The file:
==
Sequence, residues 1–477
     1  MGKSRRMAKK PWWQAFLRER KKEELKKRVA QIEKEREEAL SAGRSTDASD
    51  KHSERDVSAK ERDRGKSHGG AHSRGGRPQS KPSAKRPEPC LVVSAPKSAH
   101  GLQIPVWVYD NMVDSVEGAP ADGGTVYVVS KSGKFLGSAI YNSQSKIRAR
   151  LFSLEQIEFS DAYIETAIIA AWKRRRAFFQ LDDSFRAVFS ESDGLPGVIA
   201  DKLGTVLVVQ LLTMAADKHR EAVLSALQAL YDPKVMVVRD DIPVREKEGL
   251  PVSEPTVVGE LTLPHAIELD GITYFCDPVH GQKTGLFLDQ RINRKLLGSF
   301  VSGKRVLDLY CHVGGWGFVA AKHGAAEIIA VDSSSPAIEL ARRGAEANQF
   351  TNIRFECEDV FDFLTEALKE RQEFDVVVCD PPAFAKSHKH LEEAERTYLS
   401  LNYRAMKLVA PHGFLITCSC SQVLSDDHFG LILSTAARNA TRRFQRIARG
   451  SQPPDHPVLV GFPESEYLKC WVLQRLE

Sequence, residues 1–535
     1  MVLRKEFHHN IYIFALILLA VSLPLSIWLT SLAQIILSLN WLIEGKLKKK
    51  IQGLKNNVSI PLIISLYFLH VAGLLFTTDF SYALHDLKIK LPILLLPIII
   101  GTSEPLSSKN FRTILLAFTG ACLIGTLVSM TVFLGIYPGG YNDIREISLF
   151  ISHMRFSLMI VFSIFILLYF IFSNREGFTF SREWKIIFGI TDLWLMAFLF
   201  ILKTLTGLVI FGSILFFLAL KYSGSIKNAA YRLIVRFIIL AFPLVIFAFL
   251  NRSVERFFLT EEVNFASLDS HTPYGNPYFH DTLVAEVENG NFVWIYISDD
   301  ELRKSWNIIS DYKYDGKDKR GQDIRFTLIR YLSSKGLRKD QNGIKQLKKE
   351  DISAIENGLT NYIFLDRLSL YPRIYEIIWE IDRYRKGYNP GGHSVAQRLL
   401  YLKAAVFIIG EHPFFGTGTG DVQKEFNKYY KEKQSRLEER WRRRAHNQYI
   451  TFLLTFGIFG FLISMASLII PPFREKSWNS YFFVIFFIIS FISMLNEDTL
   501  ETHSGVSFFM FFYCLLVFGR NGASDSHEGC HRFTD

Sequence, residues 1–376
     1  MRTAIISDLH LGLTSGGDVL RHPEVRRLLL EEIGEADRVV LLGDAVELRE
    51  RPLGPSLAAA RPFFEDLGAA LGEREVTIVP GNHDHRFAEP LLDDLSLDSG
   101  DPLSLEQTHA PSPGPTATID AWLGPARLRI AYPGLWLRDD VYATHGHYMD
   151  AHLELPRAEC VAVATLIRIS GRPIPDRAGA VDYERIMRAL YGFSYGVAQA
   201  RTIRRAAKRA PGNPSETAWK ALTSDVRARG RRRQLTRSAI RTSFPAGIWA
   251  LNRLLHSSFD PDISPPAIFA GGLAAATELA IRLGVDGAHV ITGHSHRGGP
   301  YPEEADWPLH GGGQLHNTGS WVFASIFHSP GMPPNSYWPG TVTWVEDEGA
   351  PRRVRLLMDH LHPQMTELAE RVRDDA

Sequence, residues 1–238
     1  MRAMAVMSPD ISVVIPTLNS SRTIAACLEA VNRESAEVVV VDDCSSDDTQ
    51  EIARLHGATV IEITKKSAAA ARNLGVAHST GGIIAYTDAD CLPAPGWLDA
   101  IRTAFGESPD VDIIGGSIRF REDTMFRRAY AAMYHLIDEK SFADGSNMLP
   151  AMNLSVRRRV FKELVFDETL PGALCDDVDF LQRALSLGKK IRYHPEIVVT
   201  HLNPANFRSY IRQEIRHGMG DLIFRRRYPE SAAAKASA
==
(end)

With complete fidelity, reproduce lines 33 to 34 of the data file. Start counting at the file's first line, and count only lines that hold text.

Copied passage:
Sequence, residues 1–238
     1  MRAMAVMSPD ISVVIPTLNS SRTIAACLEA VNRESAEVVV VDDCSSDDTQ